Family · Life · Uncategorized

The Refugee/Human being Crisis

So, you’re a human being right? Yeah, I thought so. If you saw bombs raining all around you, your beloveded partner and children, soldiers shouting and shooting all around you, would you close the door and wait for death?

Hmmm, better yet would you turn to your partner, possible your sole breadwinner, possible not – and demand he risks his life to fight for a cause he does not believe in or support? Even if he does he will most likely die how will you survive then? You might be able to gather some work, but who will look after the children? They are already skinny and scared looking enough as it is, you cannot leave them now. But you cannot afford to do nothing.

Like any mother/father/sister/brother you want the best for your family. You worry for them, you cannot let them grow up in this country that has become hell’s gate. It is your home, the only place you’ve possibly ever known, but you must leave. Your children have no prospects here, no education, no safety, no futures. Who knows what will happen to them if they stay; will they be killed, tortured or forced to join the brutal army or gangs that roam the diplated cities?

But where do you go? Your partner hears of smugglers willing to transport people out of the country. The price is high – it is risky, out on the open sea, you don’t trust the smugglers but you cannot afford any other way and you cannot stay. Your partner offers to go over first, to find work, a place to stay and to bring you and the children over safety as soon as he can. But time is against you, that is no longer a viable option. You cannot know how long that will take.

You give the smugglers whatever they ask, they look at you like you are nothing to them, cargo that whether you live or die, they still get what they want. The children are scared, the passage is frightening, you have no life jackets, the raft you are on is shaky and poorly made. You put on a brave face and soothe the children though terror nearly strangles you. Your partner does the same to you, trying to protect you, but you see the fear in his eyes, much like the children see in yours.  A young mother’s baby near you will not stop crying, the smugglers are losing patience, threatening to throw the baby overboard if it doesn’t stop. What animals you think. Thankfully, your children are older and know to keep quiet except for the quiet gasp of terror they let escape in moments of fear, for this you are extremely grateful. Your whole life is in the hands of these men.

A man falls sick and rather than risk it spreading, the smugglers shoot him and throw him overboard. His only family, a young boy, is orphaned in the blink of an eye. You beckon him over, comfort him. The rations are getting ever smaller now, the smugglers have kept the majority for themselves. You still cannot see land. The children begin to complain of hunger, you quiet them – afraid what the smugglers will do. You pray to see land. You pray and pray and pray but it does not come. You begin to worry the smugglers are lost. They begin to argue violently, threatening all the others on board. The food runs out. They kill another man and you fear this is the end. But then the smugglers stop, they see a ship in the distant.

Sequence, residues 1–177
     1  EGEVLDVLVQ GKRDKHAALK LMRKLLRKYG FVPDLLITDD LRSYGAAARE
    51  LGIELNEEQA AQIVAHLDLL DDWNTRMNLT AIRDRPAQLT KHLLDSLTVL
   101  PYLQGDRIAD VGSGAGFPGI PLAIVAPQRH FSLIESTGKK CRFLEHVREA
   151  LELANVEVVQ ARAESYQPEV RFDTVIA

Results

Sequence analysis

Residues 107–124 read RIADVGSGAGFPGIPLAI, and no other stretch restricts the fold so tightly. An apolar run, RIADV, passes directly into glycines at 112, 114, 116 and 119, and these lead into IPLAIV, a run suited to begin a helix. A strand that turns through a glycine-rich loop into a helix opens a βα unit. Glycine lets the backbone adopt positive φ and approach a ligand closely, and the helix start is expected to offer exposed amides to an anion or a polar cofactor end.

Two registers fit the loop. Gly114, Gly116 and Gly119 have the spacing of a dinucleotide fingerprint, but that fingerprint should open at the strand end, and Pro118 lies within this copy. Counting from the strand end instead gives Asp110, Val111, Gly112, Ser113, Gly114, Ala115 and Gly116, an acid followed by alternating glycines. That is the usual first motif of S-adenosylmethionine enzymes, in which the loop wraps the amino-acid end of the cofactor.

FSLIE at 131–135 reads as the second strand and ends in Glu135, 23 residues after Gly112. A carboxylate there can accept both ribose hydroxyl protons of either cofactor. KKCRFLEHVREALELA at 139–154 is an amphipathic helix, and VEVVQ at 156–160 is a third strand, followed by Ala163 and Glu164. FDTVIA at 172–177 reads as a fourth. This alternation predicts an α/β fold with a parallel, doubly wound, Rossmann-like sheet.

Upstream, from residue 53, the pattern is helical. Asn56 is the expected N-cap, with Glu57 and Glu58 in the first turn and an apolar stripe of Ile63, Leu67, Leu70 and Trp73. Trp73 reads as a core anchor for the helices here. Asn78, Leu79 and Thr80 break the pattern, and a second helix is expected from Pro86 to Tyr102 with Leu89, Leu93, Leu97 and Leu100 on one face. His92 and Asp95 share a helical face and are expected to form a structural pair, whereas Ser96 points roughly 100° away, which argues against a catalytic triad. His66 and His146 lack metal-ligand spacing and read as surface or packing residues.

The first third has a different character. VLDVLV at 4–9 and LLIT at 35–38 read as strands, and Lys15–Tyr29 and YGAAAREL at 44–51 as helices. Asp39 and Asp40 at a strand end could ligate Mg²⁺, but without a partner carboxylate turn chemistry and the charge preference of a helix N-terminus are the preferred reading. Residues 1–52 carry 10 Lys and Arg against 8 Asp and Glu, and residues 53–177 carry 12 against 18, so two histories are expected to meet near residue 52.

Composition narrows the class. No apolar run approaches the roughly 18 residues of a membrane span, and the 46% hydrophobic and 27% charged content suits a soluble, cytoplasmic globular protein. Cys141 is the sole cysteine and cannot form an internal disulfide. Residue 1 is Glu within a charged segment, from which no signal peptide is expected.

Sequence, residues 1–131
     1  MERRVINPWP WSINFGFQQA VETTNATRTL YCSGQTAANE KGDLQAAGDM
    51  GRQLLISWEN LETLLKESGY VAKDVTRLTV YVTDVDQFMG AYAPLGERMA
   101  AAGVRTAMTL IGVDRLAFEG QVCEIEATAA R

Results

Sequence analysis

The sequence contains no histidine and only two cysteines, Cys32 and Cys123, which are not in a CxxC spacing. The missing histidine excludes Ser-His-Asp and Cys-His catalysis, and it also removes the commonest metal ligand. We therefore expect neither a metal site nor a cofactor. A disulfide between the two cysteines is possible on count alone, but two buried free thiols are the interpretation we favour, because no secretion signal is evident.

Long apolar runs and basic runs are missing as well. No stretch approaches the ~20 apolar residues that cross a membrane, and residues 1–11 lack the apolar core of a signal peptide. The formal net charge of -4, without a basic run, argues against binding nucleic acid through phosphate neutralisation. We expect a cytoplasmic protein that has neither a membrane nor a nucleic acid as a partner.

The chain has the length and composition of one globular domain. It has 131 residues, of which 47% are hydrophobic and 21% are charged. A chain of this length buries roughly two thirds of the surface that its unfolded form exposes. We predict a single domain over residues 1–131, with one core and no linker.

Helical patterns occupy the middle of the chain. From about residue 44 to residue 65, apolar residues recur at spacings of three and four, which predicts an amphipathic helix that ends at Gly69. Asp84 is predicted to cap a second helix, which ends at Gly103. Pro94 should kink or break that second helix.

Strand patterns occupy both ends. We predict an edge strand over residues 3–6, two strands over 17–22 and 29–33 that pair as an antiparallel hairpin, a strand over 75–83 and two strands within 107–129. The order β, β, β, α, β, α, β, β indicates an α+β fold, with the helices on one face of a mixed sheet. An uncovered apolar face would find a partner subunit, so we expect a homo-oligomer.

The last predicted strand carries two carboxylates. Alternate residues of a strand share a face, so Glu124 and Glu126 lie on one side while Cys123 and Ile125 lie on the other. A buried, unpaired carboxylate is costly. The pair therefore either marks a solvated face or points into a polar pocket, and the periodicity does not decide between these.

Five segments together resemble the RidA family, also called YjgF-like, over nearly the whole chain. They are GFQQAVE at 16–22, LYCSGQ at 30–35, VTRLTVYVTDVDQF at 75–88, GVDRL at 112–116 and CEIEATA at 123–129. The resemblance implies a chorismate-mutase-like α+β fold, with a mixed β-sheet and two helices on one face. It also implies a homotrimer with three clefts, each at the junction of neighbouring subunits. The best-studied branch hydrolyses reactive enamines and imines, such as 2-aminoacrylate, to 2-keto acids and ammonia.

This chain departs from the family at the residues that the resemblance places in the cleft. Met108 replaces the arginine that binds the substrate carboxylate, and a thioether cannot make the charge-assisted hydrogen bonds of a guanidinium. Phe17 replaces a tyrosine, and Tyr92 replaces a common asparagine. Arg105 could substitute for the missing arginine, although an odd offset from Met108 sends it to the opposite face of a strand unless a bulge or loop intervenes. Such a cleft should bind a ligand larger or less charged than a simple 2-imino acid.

A ship has come to your rescue. You see young men dressed in army clothes and your stomach tightens. Will they kill us? But no, they seem to be helping. They seem kind though you cannot understand much of what they are saying, a few words here and there. You attempt to relay your gratitude and thanks but the words do not sound right, and you are weak and shaking. They smile and help you on board another ship. They arrest the smugglers but two have escaped capture pretending to be refugees. You are too afraid to tell these men.

Finally, you see land. You are brought ashore. You see people. Some look at you with sympathy and some do not. You enter into a large camp, another woman who has heard from others in the camp tells you you will be staying here for some time. This is not what you hoped for, but anything is better than being on the boat.You are lucky to have made it with your entire family intact. But soon you grow sad, the camp is not clean, the conditions are not sanitary, people are lost, your children begin to look sick and depressed.  You see the young orphan boy  wandered the camp in tears – he looks completely lost and without hope. He has lost everything. You let him join your family. You cannot leave such a young soul or any soul on their own without any family. You will care for him, love him like your own.

Of course you are glad to be here, but still you are human, you have hopes. You want to build a life for your family, get a job, a nice house all the things you left behind at home. You did not come here to do nothing, to become nothing. But everyday you hear more discontentment and news that some of the people that live in this country don’t want you. They think you’re dangerous, they think you came here for their money. They want you out. But would they not have done what you did in your position?

But you came here because like them, you are human. You will continue on, you will travel further if that means you can achieve the life you want for those you love. You did not cross such treacherous seas, risk your families lives to do harm to others. If only they could look into your eyes, if only they could see how like them you are, how human you are.

 

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